The Catholic University of America

Nov. 18, 2009

Solar-Energy Panels Added to CUA Rooftops

  The last solar panel is put in place on the roof of Flather Hall by Nathan Stumpff, left, and C.J. Colavito of Standard Solar.

Electricity is in the air at Catholic University as the university moves closer to becoming a consumer of solar energy.

Work on a campus solar-energy system began last week, when two cranes lifted 100 pallets of panels, ballast and racking to the roofs of Flather, Gibbons and Aquinas halls and the Raymond A. Dufour Athletic Center. After a break late last week to allow rain and wind from Hurricane Ida to pass, about 20 workmen are on rooftops this week installing solar panels and doing electrical work.

More than 250 solar panels now cover the rooftops of Flather and Gibbons halls. By early December, more than 830 additional solar panels will be installed on the rooftops of the other two buildings.

The project is on schedule and moving along without complications, said Brian Alexander, director of energy and utilities management at CUA.

Standard Solar of Gaithersburg, Md., is installing the 3-by-6-foot solar panels with the help of two subcontractors, John E. Kelly & Sons Electrical Construction Inc. of Upper Marlboro, Md., and Magco Inc. of Jessup, Md.

The solar-panel system, covering 30,233 total square feet when finished, will produce electricity by the end of the year.

The 294-killowat system, which is being installed at no cost to CUA, will be owned and operated by Washington Gas Energy Services (WGES). CUA signed a 20-year agreement with WGES to purchase electricity generated by the system at guaranteed prices.

The system will produce about 340,000 kilowatt hours of electricity each year, or up to 20 percent of the electricity used by the four buildings. In terms of electricity produced, the panels comprise the largest solar-energy system in the Washington, D.C., metropolitan area.

From Flather Hall, workmen moved on Nov. 17 to Gibbons Hall, where panels were installed in a day. Next, workmen will turn to Aquinas Hall and the Dufour Center.

Rows of solar panels are installed on Flather Hall's rooftop. After electrical wiring work was completed, the panels were lowered to a five-degree angle.

The almost 60-pound panels are held in place by racks, which are weighted. No equipment is nailed into the roofs. "It's just like putting together an erector set," said Alexander, adding that the ease of installation helps make the panels cost-effective.

The panels are positioned at a five-degree angle. At that angle, the 270-watt panels are not visible from the ground.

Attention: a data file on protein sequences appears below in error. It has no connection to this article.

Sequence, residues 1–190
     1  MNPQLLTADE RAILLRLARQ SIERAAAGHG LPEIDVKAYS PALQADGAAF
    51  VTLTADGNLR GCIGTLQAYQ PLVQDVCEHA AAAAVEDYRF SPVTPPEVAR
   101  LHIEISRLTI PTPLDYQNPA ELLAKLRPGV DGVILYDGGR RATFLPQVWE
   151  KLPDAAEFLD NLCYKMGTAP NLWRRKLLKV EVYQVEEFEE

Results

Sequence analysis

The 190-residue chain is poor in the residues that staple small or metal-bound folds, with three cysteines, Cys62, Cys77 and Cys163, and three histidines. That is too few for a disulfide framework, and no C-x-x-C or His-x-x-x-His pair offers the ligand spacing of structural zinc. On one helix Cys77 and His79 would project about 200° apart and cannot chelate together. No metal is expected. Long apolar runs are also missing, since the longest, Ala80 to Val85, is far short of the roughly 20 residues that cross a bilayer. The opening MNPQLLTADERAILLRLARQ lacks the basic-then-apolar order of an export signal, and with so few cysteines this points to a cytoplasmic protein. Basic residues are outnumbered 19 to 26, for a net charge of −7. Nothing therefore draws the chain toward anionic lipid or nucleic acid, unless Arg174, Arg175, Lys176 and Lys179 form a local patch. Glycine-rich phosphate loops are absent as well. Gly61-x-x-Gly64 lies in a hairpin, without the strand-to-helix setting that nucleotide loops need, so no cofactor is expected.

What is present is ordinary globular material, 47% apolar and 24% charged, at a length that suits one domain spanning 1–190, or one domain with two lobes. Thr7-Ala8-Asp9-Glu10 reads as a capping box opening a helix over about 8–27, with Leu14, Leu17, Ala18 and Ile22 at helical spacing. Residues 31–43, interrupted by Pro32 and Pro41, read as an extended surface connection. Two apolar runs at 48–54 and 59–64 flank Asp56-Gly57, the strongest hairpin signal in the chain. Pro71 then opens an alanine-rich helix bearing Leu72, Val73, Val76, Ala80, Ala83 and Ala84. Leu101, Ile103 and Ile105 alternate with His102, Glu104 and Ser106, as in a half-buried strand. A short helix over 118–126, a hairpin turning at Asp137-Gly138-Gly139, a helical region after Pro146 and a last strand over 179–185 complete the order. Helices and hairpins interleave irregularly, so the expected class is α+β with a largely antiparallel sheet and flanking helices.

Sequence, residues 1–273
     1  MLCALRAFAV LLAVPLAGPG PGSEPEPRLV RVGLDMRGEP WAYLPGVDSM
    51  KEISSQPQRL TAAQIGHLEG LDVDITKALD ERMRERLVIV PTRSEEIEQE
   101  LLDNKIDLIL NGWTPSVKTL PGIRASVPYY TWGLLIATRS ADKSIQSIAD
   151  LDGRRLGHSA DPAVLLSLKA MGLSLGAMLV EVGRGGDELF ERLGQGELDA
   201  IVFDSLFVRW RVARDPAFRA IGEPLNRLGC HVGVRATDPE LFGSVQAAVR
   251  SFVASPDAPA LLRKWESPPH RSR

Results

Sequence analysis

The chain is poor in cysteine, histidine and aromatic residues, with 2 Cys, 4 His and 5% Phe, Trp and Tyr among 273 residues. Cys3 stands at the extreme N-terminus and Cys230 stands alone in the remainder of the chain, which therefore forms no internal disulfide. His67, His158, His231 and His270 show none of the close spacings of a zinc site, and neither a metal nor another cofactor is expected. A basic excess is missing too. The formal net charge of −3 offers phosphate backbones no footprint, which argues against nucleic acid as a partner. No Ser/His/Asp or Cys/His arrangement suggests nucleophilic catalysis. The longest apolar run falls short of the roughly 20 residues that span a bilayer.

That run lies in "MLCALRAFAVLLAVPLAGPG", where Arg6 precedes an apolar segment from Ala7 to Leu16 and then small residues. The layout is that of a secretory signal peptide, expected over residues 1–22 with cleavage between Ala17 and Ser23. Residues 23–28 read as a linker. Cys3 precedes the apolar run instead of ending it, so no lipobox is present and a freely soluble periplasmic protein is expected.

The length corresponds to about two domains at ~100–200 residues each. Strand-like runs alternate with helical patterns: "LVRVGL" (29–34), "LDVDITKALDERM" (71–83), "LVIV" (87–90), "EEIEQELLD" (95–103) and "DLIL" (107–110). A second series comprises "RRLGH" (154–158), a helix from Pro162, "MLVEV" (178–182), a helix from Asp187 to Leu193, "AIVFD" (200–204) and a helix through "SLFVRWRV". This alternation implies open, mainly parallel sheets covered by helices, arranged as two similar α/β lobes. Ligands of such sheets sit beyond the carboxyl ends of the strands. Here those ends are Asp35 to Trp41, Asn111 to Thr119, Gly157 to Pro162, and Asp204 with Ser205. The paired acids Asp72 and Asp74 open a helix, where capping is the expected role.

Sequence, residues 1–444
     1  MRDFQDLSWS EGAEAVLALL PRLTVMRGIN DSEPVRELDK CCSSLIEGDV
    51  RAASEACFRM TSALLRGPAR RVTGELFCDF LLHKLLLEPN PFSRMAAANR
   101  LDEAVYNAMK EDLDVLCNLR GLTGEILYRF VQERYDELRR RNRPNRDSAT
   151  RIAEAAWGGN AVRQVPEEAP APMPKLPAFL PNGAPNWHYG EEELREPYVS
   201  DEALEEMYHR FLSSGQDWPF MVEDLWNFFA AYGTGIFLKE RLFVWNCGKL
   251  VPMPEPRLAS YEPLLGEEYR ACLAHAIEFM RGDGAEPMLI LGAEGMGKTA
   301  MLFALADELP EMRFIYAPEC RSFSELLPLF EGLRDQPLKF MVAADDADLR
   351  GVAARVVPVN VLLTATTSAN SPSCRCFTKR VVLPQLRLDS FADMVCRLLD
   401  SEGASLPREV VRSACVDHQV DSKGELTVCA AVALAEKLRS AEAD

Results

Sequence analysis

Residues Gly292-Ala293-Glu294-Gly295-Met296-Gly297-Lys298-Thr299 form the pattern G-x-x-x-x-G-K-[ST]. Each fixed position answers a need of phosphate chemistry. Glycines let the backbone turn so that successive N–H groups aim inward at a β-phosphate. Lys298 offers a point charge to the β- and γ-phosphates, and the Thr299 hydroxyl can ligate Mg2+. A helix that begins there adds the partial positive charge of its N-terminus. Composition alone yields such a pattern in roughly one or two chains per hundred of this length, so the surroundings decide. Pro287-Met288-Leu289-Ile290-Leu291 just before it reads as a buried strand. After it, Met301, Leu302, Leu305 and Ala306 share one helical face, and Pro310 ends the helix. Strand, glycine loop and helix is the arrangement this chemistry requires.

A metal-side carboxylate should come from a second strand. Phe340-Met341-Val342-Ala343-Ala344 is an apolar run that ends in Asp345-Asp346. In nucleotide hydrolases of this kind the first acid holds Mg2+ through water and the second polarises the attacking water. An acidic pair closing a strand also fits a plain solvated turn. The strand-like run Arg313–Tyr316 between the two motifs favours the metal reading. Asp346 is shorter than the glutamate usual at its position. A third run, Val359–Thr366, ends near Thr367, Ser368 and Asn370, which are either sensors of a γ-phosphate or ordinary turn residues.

The work on the residence halls was done with minimal impact on the students who live there, said C.J. Colavito, commercial project manager from Standard Solar.

Interested students asked workmen questions about the project as they headed to and from the roof. Alexander was asked by a student living in Gibbons Hall about possible sunlight reflection off the panels. The panels, he was able to tell the student, "are designed so when light hits them, it's reflected internally. It's almost an anti-reflection, anti-glare design."

Once the panels are installed, the focus of the work will shift to the building's mechanical rooms, where electrical work is being done.

  Workmen position racks, which will hold solar panels in place on the roof of Aquinas Hall.

Kelly & Sons is doing the electrical setup and wiring that will allow direct current produced by the solar panels to be converted to alternating current, tying the solar-energy system to CUA's distribution system and adding a meter.

"Electricity is produced even on cloudy days, although in smaller amounts, because panels still collect energy from the sun," Alexander said. Winter weather isn't a deterrent to the production of energy, either. "Even a foot of snow lets some degree of light pass through," said Nathan Stumpff, Standard Solar's site superintendent.

Solar energy accounts for less than one percent of the energy used in the United States, according to Solar Energy Industries Association. But its use has accelerated with concerns about rising energy costs and the environmental impact of traditional energy sources.

With the solar-energy system, CUA will produce 332 fewer tons of carbon emissions annually, the equivalent of emissions created by consuming 34,220 gallons of gasoline.

CUA's rooftops will become a classroom next week, when students in the School of Engineering's Alternative Energy Track get a first-hand look at the new solar-energy system.